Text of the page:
When Berding sought reelection to City Council in 2007, he faced another endorsement battle because of his budget positions and frequent alliances with council’s Republicans. Critics also were upset that Berding told a crowd that Republican John Eby should be elected to City Council at a neighborhood meeting, allegedly promising to help Eby with campaign fundraising, attendees said.

During the campaign two years ago, Berding held a campaign fundraiser with a veritable Who’s Who of prominent Republicans on the host committee. They included financier Carl Lindner Jr.; Reds owner Bob Castellini; Jim Zimmerman, Federated Department Stores CEO; Stuart Dornette, Bengals attorney; and John Leffler, a major contributor to President Bush.

In that council race, Berding raised more than $222,000 yet finished eighth out of the nine people elected. Berding received 23,586 votes — meaning it cost him $9.43 per vote.

To win a party endorsement in 2007, Berding told a meeting of precinct executives, “I have tried to work with any and all members of council and our mayor to get the job done. I admit sometimes I have done well in that area, and other times I’ve been less successful,” before vowing to work better with fellow Democrats.

A month later, Berding publicly criticized Councilman David Crowley for wanting more time to review details in the case of a convicted cop killer before sending a letter to state parole officials. Later still, Berding went on Bill Cunningham’s radio show to criticize Democrats for passing a climate protection plan.

During this year’s campaign, Berding relied on fear-mongering to oppose a budget plan by Mallory and fellow Democrats. They had told the Police Department to expect 138 layoffs unless the police union agreed to $2.6 million in other cuts. The cuts were needed to help avoid a $28 million deficit, the council majority said.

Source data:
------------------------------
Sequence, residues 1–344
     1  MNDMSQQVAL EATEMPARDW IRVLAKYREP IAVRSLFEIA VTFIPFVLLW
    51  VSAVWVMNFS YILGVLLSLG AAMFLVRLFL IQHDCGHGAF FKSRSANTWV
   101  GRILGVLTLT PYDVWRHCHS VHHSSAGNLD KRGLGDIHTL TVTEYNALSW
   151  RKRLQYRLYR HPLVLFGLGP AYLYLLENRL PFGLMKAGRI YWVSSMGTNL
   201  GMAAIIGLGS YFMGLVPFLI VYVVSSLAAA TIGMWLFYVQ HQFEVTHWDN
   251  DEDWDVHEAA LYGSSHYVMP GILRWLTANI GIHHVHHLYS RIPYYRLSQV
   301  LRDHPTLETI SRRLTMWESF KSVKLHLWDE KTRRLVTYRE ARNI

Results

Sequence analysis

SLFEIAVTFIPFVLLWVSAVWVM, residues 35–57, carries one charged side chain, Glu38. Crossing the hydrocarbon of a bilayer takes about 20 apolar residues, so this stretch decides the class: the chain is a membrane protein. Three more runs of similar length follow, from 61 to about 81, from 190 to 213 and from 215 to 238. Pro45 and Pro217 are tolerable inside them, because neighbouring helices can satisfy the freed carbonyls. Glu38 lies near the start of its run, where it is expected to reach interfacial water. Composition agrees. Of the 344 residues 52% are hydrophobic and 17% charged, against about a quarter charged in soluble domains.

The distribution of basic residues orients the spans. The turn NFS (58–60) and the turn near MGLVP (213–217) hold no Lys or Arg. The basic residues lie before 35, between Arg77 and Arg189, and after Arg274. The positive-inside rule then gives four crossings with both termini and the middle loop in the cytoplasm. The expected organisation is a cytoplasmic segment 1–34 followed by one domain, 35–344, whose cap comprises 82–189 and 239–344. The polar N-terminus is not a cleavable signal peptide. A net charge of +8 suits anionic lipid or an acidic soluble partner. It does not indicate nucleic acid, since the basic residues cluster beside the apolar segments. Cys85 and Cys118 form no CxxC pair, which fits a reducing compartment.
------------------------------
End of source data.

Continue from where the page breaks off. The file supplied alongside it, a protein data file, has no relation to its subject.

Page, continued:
Berding, however, tried to convince his colleagues to accept a “no layoffs pledge” for police this year and in 2010, when the city is facing a possible $40 million deficit. Mallory’s team said the pledge made no sense unless the union agreed to some concessions, adding it would undermine negotiations.

Ultimately, the union agreed. Before it did, Berding proposed his own budget cuts that included delaying a promised $2.5 million payment to Cincinnati Public Schools. The annual payments were pledged to help win voter support for the stadium tax that Berding pushed in the mid-’90s. Shameless.

That was the final straw. Democratic precinct executives voted 47-17 on Sept. 12 to rescind Berding’s endorsement.

By the way, voters also were told years ago that the sales tax hike would pay for the stadiums’ construction debt. The reality is tax revenues have been far below estimates, and in the next few years county commissioners will either have to end a property tax rollback or dip into its general fund and cut services to residents to keep paying for the facilities.

Berding is trying to trumpet the fact that he still has the endorsements of the police and firefighters unions. Nowadays, that means little as — once the unions won the right for their members to live outside city limits — many of them moved and cannot vote in municipal elections.

In recent years, the police union has endorsed numerous candidates who never made it onto City Council.

Councilman Chris Bortz, a Charterite who is a Berding ally, was quoted in The Enquirer as saying he might try to get Berding endorsed by the Charter Committee, the city’s de facto third political party.

When asked about Bortz’s comment, one prominent Charterite responded, “That will happen over my dead body.”

Karma, as many people say, is a bitch.

PORKOPOLIS TIP LINE: 513-665-4700 (ext. 147) or [email protected]